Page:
We’re at the end of this month’s Barista Coffee Box, which featured Christiansburg, VA roaster, Brugh (said like “brew”) Coffee Company. This morning I’m checking out their Pango Pango from Sulawesi which promises notes of peanut brittle and dried cranberry, so without further ado…
BARISTA COFFEE BOX AUGUST 2017: BRUGH COFFEE CO. SULAWESI PT TOARCO PANGO PANGO
See all those links up top? Click on those to find out more about Brugh Coffee Company and Barista Coffee Box! Brugh is a husband and wife company founded on the idea of deepening all those connections between people that the coffee business is built on. They’re based out of Christiansburg, Virginia and are currently shopless roasters, using wholesale, retail and farmers markets to get the word out.
This morning’s coffee is the delightfully named Pango Pango, which hails from Sulawesi. Sulawesi is one of the large islands of the Indonesian archipelago and like a lot of that part of the world, the Dutch East India Company took control of its trade in the 1600’s. The Company controlled coffee production throughout Indonesia in the 1700’s and introduced Arabica species (probably Typica) in the mid-1700’s. For the most part, coffee in Sulawesi was and still is processed using the giling basah method of wet hulling. That began to change in the 1970’s with the formation of an Indonesian and Japanese joint venture company called PT Toarco.
Wet hulling is a bit of a strange bird in coffee processing and it’s unique to this part of the world for a variety of reasons. It’s possible to get high quality wet-hulled coffees, but suffice to say the people who source coffees in this part of the world are doing God’s work because they cup so many coffees before an acceptable one comes around. It’s this wet hulling that creates some of the very weird flavors that can be found in Indo coffee (and are only accepted from coffees from that part of the world where they’d be call defects anywhere else). And, it’s probably for this reason that the early “second wave” coffee roasters like Peet’s and Starbucks roasted coffee into the nuclear zone, since it would mask a lot of the weirdness inherent to so-so wet hulled coffees.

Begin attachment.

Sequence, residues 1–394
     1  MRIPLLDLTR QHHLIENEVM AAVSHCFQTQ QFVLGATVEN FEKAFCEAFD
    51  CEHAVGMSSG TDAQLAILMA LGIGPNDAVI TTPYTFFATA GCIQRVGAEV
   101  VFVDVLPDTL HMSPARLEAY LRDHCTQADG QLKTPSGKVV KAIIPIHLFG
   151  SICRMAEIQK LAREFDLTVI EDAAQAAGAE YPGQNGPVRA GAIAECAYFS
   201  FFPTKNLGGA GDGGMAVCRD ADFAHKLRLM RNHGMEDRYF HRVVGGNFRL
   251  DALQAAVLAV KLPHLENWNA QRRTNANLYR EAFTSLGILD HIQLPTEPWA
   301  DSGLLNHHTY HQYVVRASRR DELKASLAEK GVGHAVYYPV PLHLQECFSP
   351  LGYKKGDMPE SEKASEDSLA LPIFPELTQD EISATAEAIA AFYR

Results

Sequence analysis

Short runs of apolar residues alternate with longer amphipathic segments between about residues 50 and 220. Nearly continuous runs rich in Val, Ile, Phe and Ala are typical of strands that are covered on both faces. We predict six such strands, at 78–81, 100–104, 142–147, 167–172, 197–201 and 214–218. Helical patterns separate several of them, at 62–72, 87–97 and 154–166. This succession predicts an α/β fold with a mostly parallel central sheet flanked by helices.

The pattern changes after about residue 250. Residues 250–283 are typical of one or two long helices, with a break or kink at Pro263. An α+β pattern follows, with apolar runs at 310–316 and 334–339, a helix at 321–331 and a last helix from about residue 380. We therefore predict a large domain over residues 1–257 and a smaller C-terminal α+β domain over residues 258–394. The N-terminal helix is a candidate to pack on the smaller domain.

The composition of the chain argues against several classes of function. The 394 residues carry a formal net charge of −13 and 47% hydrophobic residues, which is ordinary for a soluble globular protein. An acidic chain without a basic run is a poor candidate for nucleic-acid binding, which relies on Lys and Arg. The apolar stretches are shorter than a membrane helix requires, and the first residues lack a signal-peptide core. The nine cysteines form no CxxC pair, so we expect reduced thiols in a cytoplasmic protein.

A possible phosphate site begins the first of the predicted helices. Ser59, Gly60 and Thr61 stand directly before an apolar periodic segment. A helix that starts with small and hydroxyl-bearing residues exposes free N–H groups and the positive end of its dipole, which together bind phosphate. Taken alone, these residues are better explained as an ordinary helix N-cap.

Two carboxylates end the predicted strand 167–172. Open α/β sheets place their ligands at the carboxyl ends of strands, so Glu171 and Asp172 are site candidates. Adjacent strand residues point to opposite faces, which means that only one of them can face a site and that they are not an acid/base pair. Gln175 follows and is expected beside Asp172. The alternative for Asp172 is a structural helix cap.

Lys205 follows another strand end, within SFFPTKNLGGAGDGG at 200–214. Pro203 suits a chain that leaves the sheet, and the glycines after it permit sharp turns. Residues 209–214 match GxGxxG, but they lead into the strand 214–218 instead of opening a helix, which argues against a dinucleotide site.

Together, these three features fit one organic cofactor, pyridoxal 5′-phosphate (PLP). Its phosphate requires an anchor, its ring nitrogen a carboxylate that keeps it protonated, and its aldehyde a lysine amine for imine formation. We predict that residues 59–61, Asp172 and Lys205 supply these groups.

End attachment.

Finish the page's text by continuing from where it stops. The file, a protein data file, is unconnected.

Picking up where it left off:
But, PT Toarco changed that in the 1970’s. They essentially brought Colombian-style washed/wet process coffee practices to Sulawesi. Instead of having naked, wet coffee lying around on the ground, road, next to the chicken coop or being transoprted in bags where it could get musty and moldy, PT Toarco’s south and central American method proved that coffee in Sulawesi could be handled differently, producing better, cleaner cups. This particular coffee comes from the Pango Pango area of Tana Toraja, a region of South Sulawesi where a lot of coffee is grown. This lot is mostly the leaf rust-resistant S795 grown around 1400-1600masl. This is a washed coffee in the style of south or central America rather than the traditional giling basah wet hull method. And, by the way, it is possible to get a good quality wet-hulled coffee, too, but it’s difficult because of the challenges the method poses on the coffee.
I used my standard pourover method of a 1:16 ratio of 28g of coffee to 450g of water in a notNeutral Gino dripper. My Handground grinder was set to 3 and I used Third Wave Water in my preparation. This ended up being a fairly fast extraction, so you could probably tighten your grind a little to slow things down a bit. Brugh gives us tasting notes of, “peanut brittle, dried cranberry.”